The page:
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If a ring $R$ is commutative, I don't understand why if $A, B \in R^{n \times n}$, $AB=1$ means that $BA=1$, i.e., $R^{n \times n}$ is Dedekind finite.

Arguing with determinant seems to be wrong, although $\det(AB)=\det(BA ) =1$ but it necessarily doesn't mean that $BA =1$.

And is every left zero divisor also a right divisor ?

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Try to use the classical adjoint in order to find $B$ from $AB=1$. – user26857 Feb 9 '13 at 16:29
For the case of fields, see – Martin Brandenburg Feb 9 '13 at 16:53

Lemma. Every surjective endomorphism $f : M \to M$ of a finitely generated $R$-module $M$ is an isomorphism.

Proof: $M$ becomes an $R[x]$-module, where $x$ acts by $f$. By assumption, $M=xM$. Nakayama's Lemma implies that there is some $p \in R[x]$ such that $(1-px)M=0$. This means $\mathrm{id}=p(f) f$. Hence, $f$ is injective. $\square$

Corollary: If $f,g$ are endomorphisms of a finitely generated $R$-module satisfying $fg=\mathrm{id}$, then also $gf=\mathrm{id}$.

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I believe arguing with the determinant works, as $1 = A B$ implies $1 = \det(A B) = \det(A) \det(B)$, so $\det(A) \in R$ is invertible, and $A$ is.

PS I believe this argument is implicit in @YACP comment to the original post.

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Here's a slightly different argument.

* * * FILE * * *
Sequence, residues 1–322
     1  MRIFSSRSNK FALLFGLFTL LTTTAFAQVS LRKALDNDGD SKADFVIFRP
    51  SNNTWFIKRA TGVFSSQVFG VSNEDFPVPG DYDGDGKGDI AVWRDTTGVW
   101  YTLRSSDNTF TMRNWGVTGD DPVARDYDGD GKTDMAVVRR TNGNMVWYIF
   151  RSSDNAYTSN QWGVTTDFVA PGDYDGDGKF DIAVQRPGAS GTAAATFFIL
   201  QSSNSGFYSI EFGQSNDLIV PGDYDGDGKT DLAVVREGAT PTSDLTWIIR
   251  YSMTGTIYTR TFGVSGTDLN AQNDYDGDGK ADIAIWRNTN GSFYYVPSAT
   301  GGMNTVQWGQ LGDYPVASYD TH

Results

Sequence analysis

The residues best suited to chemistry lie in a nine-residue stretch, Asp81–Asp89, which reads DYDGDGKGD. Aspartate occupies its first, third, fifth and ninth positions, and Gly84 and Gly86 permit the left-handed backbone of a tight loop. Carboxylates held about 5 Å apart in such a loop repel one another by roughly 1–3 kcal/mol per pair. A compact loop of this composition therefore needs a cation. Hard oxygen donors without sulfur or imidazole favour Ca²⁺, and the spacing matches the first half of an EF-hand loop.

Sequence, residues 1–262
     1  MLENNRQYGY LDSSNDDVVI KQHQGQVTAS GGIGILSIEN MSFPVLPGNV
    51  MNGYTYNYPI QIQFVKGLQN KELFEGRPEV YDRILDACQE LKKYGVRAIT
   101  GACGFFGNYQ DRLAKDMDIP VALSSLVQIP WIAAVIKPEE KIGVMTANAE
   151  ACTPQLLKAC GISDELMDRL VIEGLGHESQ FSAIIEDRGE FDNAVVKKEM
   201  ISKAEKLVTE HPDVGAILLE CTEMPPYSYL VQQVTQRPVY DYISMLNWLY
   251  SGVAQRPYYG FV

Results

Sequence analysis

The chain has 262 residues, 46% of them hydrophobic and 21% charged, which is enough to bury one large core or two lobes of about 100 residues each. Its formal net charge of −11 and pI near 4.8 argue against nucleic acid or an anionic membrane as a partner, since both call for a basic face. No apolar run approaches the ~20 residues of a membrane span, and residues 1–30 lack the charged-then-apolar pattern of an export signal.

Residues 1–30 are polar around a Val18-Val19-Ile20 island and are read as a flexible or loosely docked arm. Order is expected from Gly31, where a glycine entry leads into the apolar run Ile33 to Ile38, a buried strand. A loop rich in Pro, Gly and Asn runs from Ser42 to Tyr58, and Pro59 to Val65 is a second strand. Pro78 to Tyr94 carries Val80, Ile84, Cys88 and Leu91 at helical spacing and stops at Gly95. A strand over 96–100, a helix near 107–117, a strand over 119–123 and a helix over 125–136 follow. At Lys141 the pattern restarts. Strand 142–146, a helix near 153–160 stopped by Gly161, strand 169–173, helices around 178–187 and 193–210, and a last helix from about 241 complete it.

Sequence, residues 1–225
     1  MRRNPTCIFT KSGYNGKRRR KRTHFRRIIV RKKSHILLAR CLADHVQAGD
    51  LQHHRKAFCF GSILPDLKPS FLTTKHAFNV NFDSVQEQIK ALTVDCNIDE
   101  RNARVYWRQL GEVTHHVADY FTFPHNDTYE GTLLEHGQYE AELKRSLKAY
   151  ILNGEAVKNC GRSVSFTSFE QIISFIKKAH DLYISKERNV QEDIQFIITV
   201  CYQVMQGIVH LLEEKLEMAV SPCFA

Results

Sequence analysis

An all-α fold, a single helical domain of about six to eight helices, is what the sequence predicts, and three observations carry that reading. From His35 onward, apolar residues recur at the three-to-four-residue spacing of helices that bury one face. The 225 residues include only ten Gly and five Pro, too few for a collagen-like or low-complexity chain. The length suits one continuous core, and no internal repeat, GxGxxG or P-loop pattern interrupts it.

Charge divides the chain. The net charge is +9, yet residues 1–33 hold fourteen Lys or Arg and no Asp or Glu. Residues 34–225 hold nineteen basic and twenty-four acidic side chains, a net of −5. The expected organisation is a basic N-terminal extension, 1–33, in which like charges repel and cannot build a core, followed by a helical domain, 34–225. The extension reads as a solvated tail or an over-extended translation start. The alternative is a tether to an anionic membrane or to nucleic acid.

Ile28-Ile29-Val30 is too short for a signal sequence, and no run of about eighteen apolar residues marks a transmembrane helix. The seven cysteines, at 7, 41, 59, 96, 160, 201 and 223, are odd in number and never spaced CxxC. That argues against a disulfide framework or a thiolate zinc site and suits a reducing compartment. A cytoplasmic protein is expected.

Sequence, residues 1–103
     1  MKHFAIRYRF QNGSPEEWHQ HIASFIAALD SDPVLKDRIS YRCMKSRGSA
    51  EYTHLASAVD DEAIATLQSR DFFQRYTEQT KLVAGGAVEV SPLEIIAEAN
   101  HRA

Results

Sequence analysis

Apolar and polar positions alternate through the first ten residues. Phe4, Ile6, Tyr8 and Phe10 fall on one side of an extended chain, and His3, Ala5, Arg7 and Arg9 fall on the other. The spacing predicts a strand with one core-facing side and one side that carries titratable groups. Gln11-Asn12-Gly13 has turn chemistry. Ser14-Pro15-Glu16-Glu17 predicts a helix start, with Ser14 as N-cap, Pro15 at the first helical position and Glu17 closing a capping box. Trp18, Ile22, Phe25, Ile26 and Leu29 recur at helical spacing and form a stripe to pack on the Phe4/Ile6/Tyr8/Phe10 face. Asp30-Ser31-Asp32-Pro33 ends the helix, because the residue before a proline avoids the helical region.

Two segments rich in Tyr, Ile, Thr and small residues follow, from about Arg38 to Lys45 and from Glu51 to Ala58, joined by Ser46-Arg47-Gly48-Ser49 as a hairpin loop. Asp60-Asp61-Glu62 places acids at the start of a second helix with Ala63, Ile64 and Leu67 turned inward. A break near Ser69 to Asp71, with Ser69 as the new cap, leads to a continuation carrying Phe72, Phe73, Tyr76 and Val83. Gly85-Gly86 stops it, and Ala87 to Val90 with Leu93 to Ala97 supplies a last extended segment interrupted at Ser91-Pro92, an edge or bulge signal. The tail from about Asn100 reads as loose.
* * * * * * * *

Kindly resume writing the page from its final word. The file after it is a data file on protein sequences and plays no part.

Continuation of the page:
The poster's initial argument was by using determinants, which as said above, implies that both $\det(A), \det(B) \in R^\times.$ Hence, both matrices have bilateral inverses, i.e. $\operatorname{adj}(A^T) \det(A)^{-1}$ and resp. for $B$ - recall that the formula $$A\operatorname{adj}(A^T)= \operatorname{adj}(A^T)A= (\det A) I$$ is universal.

Now, for two maps (of sets) $f:S\to T$ and $g:T\to S$, if $f$ or $g$ is bijective and $fg=id_T$, then clearly $gf=id_S.$ This settles the first question.

Zero-divisor question: Suppose that $AB=0$ for $A, B \neq 0$ square matrices; then $\det(A) \det(B)=0.$ Will there be a square matrix $C\neq 0$ such that $CA=0$

If $\det(A)$ is a zero divisor (and by definition, non-zero), we're done, since for $0\neq b\in R$ satisfying $\det(A)b=0$, the matrix $C=\operatorname{adj}(A^T)b$ is by the above a zero-divisor on both sides!

The case I still haven't worked out is the following. If $\det(A)=0$ and $\operatorname{adj}(A^T)\neq 0$, then $C=\operatorname{adj}(A^T)$ satisfies $CA=AC=0$, but what if $\operatorname{adj}(A)=0$?

So, the case that remains (so far) is when $\operatorname{adj}(A)=0$, which is equivalent to the condition $\Lambda^{n-1}A=0$ (exterior product). We'll come back later.

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